Britain yet to take a call on aid cut to India
Britain is yet to take a call on cutting its 280 million pound a year development aid to India, the country's Foreign secretary William Hague said here Thursday.
Hague, who is on a visit to India, told journalists at a press conference that his country's minister heading the department for international development (DfID), Justine Greening, would be examining the areas where Britain is providing funding to India and take a decision.
Hague said the two countries are holding talks on the issue. "We have been discussing the issue... The governments of UK and India have agreed on the way forward on this issue," Hague said, adding that Greening would be issuing a statement and he did "not want to pre-empt the issue".
Indian External Affairs Minister Salman Khurshid said the two countries had discussed all aspects of bilateral trade, which "has immense potential".
"Aid is past, trade is future," Khurshid said.
India is the third largest investor in Britain, while the UK also has major investments in India.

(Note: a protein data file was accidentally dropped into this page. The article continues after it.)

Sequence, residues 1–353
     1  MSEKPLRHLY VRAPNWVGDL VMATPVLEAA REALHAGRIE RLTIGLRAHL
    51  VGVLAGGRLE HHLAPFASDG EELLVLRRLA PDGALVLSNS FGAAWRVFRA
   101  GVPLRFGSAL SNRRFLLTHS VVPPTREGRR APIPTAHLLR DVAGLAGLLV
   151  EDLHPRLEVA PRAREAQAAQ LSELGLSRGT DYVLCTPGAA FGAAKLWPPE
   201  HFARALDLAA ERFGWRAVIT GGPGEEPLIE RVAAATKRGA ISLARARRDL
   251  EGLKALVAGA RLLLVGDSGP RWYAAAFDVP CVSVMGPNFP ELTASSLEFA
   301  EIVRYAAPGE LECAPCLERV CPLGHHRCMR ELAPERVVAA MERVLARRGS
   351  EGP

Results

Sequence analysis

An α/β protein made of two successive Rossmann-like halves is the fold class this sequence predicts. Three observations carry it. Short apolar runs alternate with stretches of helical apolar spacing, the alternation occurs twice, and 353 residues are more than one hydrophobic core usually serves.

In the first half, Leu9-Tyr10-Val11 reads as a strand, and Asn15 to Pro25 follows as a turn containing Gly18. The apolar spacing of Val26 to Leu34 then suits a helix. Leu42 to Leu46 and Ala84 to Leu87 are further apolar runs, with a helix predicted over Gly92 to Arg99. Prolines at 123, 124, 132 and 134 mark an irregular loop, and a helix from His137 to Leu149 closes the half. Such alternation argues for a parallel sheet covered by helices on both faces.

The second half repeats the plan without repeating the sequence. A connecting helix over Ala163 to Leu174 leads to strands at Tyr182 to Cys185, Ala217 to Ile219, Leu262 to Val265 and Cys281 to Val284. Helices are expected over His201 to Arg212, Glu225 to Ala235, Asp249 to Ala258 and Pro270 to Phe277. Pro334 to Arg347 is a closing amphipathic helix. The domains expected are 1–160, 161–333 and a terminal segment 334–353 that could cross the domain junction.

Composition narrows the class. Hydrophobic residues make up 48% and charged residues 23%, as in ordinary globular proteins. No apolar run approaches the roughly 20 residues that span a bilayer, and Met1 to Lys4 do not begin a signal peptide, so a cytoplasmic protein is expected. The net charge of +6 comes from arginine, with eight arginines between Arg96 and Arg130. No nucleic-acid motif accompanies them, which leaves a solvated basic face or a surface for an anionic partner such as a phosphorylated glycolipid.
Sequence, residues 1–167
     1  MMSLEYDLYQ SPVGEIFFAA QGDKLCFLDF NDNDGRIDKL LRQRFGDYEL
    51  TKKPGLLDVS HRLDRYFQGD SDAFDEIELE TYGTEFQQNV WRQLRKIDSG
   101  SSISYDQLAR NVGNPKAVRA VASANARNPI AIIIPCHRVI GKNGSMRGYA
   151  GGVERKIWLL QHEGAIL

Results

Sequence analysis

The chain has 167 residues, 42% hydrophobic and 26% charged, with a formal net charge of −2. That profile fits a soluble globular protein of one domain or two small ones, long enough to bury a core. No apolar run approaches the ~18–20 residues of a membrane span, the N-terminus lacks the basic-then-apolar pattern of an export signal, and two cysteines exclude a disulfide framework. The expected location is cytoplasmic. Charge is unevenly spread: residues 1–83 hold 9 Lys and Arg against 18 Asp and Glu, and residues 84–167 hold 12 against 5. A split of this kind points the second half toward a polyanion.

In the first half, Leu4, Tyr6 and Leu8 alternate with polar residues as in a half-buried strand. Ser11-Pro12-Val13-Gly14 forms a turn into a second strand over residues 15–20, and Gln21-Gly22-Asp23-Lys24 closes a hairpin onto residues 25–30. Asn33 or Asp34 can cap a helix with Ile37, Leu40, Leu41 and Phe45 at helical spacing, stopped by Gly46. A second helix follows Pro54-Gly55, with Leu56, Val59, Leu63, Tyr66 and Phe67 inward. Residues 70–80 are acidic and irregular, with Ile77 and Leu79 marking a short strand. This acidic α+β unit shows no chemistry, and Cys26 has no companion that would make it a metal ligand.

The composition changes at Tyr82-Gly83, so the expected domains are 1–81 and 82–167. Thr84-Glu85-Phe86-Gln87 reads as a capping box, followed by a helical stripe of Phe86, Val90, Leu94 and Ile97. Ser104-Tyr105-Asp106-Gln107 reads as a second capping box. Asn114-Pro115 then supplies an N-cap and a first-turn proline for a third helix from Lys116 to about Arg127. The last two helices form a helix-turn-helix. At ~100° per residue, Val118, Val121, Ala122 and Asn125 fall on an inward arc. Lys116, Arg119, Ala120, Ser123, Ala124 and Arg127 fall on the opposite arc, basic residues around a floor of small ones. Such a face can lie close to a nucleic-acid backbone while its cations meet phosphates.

The Sunday Times had reported that Britain plans to cut its 280 million a year aid to India following growing domestic pressure on Prime Minister David Cameron to stop funding emerging economic powers such as India, China and Brazil at a time when Britain was facing an economic downturn.
The Sunday Times had said that Greening during her upcoming visit to New Delhi was expected to discuss a time-table for "winding down" British aid commitment to India.
"She is expected to make it clear that the Britain's commitment to India will change radically at the end of the current eight-year GBP 1.6 bn programme, which lasts until 2015," the paper said, adding that Greening would open negotiations to replace aid with trade.
President Pranab Mukherjee as finance minister had dismissed British aid as "peanuts".